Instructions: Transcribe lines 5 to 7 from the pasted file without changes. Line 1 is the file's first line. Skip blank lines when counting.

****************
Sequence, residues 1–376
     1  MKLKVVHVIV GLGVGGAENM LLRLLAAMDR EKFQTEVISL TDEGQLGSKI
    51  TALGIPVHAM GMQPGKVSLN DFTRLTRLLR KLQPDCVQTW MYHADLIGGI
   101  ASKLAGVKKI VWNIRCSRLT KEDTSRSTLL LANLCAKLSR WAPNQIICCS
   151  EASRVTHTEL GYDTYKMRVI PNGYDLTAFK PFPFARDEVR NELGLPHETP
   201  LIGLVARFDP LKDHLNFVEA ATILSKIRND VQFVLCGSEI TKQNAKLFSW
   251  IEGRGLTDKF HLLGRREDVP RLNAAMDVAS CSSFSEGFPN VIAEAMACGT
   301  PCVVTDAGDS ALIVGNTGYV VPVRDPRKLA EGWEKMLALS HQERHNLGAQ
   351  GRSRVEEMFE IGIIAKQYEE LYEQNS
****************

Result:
   151  EASRVTHTEL GYDTYKMRVI PNGYDLTAFK PFPFARDEVR NELGLPHETP
   201  LIGLVARFDP LKDHLNFVEA ATILSKIRND VQFVLCGSEI TKQNAKLFSW
   251  IEGRGLTDKF HLLGRREDVP RLNAAMDVAS CSSFSEGFPN VIAEAMACGT